In-depth

When should you upgrade your hardware?

Tempted by new technology? We explore the tricky question of when it makes sense to invest – and when it’s wiser not to

The question of when to spend money, and what on, is one that hangs perpetually over IT departments. Of course, every time the issue comes up, the circumstances and arguments will be different. This isn’t a question that can be answered once and for all.

There are, however, considerations that apply to almost all discussions of this type. There are plenty of business clichés about wasting money, and while the subject may not be reducible to a pithy maxim, there are principles you can keep in mind – concerning both the business and technology ends of the matter – that can help you avoid waste.

Spend smart – or not at all

The first principle is that hoary old saying about what your time is worth. Switching to a new system might save you a few hundred quid a year, but that’s not a worthwhile economy if you’re going to need a team of expert engineers to spend several weeks handling the changeover. Conversely, if you need an urgent solution to an expensive problem, don’t spend weeks chasing the last few percent in a discount, or putting potential suppliers through drawn-out purchasing processes. Establish your budget not just in monetary terms but in terms of time as well.

All the same, it can be a mistake to listen to the bean counters too much. Behaviour that’s driven by the bottom line can lead to bad decisions and bad partnerships, in which the vendor has to pare their offering down to the bone in order to maintain some semblance of a margin on the deal. Your objective should be to have usable, durable, recoverable and correctly sized computing devices, irrespective of considerations such as discounts, or (conversely) the desire to bloat the annual budget by a certain percentage. 

If you’re a sole trader or running a small business, the above may seem obvious, but in larger organisations it’s not at all uncommon to hear of upgrade projects driven entirely by the finance department, rather than the pursuit of specific technical or business goals. This isn’t great for the morale or capacity of your IT team, and it can lead to an overall system that doesn’t properly hang together.

When considering upgrades, don’t focus on the user-facing elements to the exclusion of infrastructure. It’s easy to think of the office network as technically analogous to the internet, and in several ways, it is – but the internet comprises a lot more switches than computers. Such items might not be big and sexy, but in this age of software-defined networking, picking the right network hardware can yield huge benefits to overall performance and business continuity. A £3,000 24-port switch with management, flow control and jumbo frames could give you a five-fold boost in network performance, which in turn could mean a major lift in productivity, even on old desktop machinery. Even if you don’t have a budget for new hardware, explore if you can tweak what you already have to improve performance – doing so may forestall the need for other upgrades elsewhere.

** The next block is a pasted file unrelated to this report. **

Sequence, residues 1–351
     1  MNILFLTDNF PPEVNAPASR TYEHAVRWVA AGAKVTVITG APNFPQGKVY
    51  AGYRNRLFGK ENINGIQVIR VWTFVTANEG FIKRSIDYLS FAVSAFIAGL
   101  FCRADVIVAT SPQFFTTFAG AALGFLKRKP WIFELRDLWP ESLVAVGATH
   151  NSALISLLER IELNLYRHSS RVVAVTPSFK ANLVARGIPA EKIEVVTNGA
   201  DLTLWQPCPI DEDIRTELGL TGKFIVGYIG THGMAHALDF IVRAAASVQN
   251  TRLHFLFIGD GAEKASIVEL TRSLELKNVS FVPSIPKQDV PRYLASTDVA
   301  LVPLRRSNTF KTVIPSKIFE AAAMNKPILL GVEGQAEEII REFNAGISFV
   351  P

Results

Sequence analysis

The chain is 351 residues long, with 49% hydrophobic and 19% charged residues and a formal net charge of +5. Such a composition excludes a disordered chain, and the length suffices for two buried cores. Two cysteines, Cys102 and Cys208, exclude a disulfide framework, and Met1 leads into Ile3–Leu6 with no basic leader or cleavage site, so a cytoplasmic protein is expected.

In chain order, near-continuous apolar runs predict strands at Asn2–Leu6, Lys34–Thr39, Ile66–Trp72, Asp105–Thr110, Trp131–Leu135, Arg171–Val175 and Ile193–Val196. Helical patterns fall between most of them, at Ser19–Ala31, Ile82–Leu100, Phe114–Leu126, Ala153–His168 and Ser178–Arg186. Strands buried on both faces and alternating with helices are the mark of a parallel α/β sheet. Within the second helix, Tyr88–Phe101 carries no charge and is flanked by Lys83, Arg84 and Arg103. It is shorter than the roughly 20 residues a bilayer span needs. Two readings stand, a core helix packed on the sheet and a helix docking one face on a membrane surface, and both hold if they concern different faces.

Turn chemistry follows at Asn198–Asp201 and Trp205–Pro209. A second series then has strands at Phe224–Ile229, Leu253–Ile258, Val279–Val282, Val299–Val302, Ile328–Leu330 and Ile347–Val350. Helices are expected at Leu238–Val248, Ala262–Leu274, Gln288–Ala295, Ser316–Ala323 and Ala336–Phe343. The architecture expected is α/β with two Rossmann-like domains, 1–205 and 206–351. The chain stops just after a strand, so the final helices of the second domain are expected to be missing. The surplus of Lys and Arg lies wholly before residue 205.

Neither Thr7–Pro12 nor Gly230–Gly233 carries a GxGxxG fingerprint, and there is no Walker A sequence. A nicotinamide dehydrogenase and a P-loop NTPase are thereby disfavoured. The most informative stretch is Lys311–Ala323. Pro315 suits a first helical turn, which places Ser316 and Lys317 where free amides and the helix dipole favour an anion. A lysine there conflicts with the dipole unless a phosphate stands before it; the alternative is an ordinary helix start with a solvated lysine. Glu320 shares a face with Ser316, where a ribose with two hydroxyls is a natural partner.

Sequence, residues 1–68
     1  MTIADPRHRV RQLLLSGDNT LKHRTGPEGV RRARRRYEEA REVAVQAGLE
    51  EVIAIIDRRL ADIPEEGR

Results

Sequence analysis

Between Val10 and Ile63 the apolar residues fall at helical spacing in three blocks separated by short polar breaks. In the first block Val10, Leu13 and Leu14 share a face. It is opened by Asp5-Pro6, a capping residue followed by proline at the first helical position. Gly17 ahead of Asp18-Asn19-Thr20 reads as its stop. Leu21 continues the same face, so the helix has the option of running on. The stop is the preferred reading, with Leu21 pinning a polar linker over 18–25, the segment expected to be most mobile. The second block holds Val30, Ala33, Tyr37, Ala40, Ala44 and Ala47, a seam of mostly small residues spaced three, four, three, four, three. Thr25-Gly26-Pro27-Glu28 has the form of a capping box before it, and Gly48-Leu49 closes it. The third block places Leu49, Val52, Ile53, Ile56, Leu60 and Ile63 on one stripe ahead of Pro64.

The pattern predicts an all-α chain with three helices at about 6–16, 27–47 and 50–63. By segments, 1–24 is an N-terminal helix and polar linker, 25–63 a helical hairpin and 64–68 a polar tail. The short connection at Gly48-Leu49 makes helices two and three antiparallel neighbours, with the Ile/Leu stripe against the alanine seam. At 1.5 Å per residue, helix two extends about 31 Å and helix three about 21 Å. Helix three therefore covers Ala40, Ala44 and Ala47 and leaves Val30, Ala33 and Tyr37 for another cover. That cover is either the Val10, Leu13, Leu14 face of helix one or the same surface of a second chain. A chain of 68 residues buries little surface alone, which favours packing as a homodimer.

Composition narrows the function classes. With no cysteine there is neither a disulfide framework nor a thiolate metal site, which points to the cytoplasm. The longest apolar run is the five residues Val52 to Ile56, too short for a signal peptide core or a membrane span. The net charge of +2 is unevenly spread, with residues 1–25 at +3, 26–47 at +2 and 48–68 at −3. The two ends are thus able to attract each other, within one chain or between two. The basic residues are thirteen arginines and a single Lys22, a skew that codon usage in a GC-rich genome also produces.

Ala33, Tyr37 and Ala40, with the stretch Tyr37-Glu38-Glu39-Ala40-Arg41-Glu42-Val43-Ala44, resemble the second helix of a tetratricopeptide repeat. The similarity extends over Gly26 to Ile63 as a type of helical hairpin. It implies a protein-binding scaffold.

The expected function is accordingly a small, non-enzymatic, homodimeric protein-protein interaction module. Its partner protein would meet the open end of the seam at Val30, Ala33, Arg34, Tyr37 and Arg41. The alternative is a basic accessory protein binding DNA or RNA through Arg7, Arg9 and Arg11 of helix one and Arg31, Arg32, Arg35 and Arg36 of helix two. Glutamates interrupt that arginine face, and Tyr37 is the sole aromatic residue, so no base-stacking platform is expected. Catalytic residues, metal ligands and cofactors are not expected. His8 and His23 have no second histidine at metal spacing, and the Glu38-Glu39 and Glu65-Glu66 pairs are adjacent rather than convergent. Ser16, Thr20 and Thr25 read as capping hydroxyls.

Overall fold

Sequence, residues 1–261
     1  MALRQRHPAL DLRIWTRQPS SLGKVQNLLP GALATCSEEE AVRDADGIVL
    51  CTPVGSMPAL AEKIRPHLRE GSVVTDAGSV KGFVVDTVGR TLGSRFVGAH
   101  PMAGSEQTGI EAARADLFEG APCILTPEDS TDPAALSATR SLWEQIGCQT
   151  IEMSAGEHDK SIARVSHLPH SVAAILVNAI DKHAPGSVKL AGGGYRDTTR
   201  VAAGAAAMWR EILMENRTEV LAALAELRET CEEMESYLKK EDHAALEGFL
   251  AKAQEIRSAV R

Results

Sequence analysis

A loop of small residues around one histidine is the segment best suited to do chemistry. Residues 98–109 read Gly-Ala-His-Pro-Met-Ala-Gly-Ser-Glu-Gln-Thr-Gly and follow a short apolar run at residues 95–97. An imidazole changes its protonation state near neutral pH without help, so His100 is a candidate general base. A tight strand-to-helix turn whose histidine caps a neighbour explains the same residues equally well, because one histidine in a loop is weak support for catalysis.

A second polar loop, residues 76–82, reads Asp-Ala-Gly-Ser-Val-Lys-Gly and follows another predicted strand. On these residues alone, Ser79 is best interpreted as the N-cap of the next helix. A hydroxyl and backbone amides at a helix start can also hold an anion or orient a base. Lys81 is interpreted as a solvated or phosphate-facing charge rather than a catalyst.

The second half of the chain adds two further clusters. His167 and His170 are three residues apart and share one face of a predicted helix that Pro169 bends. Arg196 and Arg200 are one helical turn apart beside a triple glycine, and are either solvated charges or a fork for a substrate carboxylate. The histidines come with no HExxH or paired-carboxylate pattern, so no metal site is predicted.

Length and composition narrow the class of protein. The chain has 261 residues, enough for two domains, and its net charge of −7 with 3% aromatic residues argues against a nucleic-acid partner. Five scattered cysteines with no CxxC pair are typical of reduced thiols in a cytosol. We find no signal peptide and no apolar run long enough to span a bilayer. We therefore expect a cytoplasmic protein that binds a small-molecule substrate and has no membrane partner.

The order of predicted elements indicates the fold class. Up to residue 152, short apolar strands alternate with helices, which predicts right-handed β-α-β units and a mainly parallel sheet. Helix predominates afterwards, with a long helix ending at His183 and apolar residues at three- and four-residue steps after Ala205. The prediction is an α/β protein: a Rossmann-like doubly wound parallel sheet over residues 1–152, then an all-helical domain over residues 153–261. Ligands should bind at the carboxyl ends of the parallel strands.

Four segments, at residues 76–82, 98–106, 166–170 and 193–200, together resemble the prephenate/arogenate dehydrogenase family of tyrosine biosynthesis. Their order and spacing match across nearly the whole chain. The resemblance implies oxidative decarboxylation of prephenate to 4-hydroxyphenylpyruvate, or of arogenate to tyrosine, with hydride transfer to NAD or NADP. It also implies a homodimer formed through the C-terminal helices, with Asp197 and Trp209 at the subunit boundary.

Without a doubt, getting your network running at peak performance is a better use of resources than buying new PCs with multicore CPUs that spend most of their working lives parked, waiting for a lost packet to be retransmitted from the same old server through the same old cables. Nobody ever got a Christmas bonus for dropping in a load of gaming hardware that runs hotter and less reliably than the basic office gear it replaced. Plus, there’s an industry rule of thumb that most network switches last for ten years, so that’s two and a half times the timescale normally required to justify an entry in your asset depreciation schedules.

Is owning hardware out of fashion?

In some circles, the idea of buying anything at all is considered hopelessly outdated these days. After all, one of the reasons why cloud computing has grown as big as it has is that you can pay for just the CPU cycles you need, and no more, through operational costs instead of capital investments. 

Look a little more deeply, though, and the patterns are very familiar. Cloud investment inside the cloud industry looks a lot like old school IT department capital spending plans – it’s just that these days your operational costs are going towards their hardware purchases, rather than your own.